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Wound Healing and Repair


Wound healing is a complex and dynamic process of replacing devitalized and missing cellular structures and tissue layers.
The human adult wound healing process can be divided into 3 or 4 distinct phases. Earlier authors referred to 3 phases—inflammatory, fibroblastic, and maturation,
which has also been denoted as inflammatory, proliferation, and remodeling—and this is maintained by some authors.
In the 4-phases concept, there are the hemostasis phase, the inflammatory phase, the proliferation phase, and the remodeling phase. In the 3-phases approach, the hemostasis phase is contained within the inflammatory phase.

Not only do authors vary the number of phases, they also denote differences in the phase descriptors used; they may designate phases as the hemostasis phase, inflammatory phase, proliferation phase, and remodeling phase, or they may refer to the hemostasis phase, inflammatory phase, granulation phase, and maturation phase.
Therefore, certain phases have more than one name, such as remodeling or maturation and proliferation or granulation.
 As our understanding of wound healing progresses, further phases and subphases may well be delineated.

Within these broad phases are a complex and coordinated series of events that includes chemotaxis, phagocytosis, neocollagenesis, collagen degradation, and collagen remodeling. In addition, angiogenesis, epithelization, and the production of new glycosaminoglycans (GAGs) and proteoglycans are vital to the wound healing milieu. The culmination of these biological processes results in the replacement of normal skin structures with fibroblastic mediated scar tissue. For more information on wound healing, visit Medscape’s Wound Management Resource Center.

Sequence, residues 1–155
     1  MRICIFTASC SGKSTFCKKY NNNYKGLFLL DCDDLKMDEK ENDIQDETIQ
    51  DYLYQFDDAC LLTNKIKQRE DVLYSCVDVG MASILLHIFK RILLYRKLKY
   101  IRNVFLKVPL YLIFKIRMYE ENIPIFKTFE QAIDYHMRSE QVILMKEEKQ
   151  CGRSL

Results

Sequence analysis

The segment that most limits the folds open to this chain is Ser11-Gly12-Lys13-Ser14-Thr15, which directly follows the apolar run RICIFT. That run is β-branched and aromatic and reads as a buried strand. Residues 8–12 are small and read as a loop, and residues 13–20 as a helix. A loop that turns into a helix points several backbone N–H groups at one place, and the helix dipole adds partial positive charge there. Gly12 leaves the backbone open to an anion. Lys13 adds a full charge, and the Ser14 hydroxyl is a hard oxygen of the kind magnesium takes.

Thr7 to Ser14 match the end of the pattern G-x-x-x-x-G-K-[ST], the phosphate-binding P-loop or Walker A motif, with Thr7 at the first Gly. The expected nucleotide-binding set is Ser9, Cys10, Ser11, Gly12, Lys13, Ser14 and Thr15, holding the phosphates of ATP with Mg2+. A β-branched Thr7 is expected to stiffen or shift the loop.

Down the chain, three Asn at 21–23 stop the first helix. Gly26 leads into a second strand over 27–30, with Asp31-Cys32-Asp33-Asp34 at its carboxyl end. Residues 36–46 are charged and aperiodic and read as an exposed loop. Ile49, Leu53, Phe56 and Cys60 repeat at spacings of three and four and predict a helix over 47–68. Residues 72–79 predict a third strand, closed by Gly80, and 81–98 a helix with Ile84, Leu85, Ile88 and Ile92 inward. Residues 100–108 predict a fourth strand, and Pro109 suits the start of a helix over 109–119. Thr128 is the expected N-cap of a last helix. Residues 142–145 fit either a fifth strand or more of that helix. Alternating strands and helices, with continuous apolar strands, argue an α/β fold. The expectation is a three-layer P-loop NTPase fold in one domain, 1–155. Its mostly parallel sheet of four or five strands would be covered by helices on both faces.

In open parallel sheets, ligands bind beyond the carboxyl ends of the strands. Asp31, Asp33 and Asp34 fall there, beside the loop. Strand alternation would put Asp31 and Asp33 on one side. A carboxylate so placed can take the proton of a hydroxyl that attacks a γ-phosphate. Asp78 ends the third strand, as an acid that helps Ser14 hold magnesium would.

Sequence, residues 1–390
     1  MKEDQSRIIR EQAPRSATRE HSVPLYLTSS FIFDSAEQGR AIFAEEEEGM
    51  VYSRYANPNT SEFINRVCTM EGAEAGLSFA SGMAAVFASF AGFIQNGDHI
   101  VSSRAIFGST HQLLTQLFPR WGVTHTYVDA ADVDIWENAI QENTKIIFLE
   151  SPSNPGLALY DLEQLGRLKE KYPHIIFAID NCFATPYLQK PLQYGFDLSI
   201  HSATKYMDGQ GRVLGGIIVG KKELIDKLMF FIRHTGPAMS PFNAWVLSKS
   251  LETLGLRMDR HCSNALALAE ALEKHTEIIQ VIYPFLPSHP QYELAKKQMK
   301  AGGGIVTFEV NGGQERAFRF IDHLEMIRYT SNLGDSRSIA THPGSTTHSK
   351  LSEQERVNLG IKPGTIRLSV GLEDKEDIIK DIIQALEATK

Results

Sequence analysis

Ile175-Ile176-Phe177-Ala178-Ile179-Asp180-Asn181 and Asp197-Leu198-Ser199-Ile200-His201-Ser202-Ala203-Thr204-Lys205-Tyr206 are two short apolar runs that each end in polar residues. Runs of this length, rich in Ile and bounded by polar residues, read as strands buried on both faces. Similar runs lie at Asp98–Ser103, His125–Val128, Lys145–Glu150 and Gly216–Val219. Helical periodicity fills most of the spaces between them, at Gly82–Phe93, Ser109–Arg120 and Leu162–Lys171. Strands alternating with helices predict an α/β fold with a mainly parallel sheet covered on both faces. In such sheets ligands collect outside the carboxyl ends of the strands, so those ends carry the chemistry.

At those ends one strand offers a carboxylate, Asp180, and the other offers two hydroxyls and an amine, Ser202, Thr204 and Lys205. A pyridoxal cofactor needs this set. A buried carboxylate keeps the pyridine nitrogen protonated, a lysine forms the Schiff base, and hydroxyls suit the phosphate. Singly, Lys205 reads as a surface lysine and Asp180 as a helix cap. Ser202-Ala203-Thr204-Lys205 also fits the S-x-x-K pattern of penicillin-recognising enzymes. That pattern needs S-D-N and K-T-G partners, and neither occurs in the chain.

This process can go awry and produce an exuberance of fibroblastic proliferation with a resultant hypertrophic scar, which by definition is confined to the wound site. Further exuberance can result in keloid formation (see image below), in which scar production extends beyond the area of the original insult. The collagen is thicker, more irregularly arranged, and more often causes pain. In a hypertrophic scar, the collagen is thinner and arranged more parallel to the wound. Furthermore, hypertrophic scars occur in all races, although less so in young and elderly persons. Hormonal changes may have an impact. Keloid scarring is more often seen in nonwhite persons.

A patient referred for keloid formation after exci

A patient referred for keloid formation after excision of facial cancer and reconstruction.

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Conversely, insufficient healing can result in a hypotrophic or atrophic scar formation (see image below). All wounds in adult skin heal with a scar. The degree of inflammation has a direct impact on the ultimate scar formation.

A long-standing hypotrophic scar. Patient had abdo

A long-standing hypotrophic scar. Patient had abdominal surgery as a child.

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